There are other things we might do such as take a family picture, have a birthday party, invite family and friend over, etc. Don't be offended that we don't invite you. You seem to have made it clear that you aren't interested in neighborly activities. We really got the hint when we would say hello, and you acted like you didn't hear us. We know you heard us by the small flinch and speed up as you walked by.

So, enjoy your own true reality TV show called "The Stewarts Do Stuff". I hope we live up to the cost of the camera installation. 


The Stewarts

Do any of you have neighbors that you don't get along with? I'd love to hear the stories. They'd make me feel better about the craziness we live with everyday.

Tuesday, April 14, 2015

The day I rocked it as a parent

There are days like the one I’m about to tell. 
I had heard of them.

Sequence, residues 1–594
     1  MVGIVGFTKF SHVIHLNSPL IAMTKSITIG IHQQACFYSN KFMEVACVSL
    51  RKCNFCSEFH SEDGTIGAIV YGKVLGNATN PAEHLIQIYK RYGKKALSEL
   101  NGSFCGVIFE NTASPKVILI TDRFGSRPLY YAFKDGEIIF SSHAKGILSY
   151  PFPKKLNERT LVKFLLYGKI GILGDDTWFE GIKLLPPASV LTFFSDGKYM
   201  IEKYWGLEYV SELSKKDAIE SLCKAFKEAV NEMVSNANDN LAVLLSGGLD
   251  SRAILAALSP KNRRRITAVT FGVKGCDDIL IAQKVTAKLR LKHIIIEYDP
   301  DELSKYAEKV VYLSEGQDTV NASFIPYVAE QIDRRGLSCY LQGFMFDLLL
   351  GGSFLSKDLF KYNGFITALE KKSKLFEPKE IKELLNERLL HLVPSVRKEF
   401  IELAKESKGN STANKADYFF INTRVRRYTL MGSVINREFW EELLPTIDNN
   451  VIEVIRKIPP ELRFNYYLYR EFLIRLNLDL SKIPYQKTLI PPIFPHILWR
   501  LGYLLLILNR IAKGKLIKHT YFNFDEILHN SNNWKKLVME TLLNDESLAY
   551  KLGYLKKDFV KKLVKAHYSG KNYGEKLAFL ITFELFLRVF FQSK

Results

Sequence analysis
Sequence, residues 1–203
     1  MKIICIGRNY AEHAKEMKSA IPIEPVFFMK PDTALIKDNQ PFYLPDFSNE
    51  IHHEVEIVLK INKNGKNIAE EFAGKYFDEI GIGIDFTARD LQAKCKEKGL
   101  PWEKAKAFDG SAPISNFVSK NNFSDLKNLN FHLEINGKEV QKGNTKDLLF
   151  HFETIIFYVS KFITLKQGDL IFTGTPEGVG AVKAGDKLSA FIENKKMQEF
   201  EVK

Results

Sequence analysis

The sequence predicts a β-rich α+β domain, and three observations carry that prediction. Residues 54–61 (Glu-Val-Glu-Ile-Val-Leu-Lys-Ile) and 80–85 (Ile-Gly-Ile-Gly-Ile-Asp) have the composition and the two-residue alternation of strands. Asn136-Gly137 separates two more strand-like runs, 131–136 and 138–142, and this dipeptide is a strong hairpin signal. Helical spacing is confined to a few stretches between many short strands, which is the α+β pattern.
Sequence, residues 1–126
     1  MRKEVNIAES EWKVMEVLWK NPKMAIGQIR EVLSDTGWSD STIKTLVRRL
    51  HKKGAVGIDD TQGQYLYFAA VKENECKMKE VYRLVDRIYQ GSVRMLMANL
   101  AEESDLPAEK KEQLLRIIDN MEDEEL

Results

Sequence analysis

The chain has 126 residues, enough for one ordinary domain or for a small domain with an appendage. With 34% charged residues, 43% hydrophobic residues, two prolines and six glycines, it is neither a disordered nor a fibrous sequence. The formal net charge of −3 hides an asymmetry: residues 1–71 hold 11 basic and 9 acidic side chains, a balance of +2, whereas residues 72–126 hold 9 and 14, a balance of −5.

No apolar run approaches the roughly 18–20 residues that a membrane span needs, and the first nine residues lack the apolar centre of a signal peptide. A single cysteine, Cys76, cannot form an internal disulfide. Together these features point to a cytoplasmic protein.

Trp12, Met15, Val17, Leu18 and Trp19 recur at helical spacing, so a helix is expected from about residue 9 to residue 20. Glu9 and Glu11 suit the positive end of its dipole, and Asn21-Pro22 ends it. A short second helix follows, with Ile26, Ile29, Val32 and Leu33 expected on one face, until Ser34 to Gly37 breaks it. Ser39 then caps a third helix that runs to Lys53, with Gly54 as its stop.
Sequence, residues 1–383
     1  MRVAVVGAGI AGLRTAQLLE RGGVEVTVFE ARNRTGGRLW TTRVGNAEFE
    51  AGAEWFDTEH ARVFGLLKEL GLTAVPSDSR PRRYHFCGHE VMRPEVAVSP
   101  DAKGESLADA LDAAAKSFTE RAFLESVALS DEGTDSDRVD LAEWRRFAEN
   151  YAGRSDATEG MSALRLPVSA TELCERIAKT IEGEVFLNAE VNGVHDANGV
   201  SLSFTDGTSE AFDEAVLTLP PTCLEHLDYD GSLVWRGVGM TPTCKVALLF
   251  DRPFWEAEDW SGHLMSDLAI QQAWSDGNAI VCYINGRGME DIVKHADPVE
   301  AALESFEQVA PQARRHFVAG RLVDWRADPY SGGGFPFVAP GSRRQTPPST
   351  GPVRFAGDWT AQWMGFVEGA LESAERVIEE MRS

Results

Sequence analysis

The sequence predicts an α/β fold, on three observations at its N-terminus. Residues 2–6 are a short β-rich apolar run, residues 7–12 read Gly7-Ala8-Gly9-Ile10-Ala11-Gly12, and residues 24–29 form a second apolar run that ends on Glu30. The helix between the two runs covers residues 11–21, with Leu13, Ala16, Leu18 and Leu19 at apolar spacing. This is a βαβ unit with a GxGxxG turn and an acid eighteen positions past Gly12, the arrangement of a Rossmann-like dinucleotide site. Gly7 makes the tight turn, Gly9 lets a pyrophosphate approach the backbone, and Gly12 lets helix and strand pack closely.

I thought they were only for “good moms” who were patient and kind and crafty and... well, perfect.
Don't get me wrong. I'm not fishing for compliments. On most days, I waiver right around "decent" on the parenting scale. There are those better than normal days where I hit "pretty good", but "wondermom" is a phenomenon that I had only heard about on Pinterest and Facebook.

I’m not sure what had gotten into me, but it’s like when a pitcher throws a perfect game or a basketball team goes undefeated in March madness. I was in the groove, and when that happens, you don’t ask why, you just thank God or the Universe or assume there was an anomaly in the time-space continuum and go with it.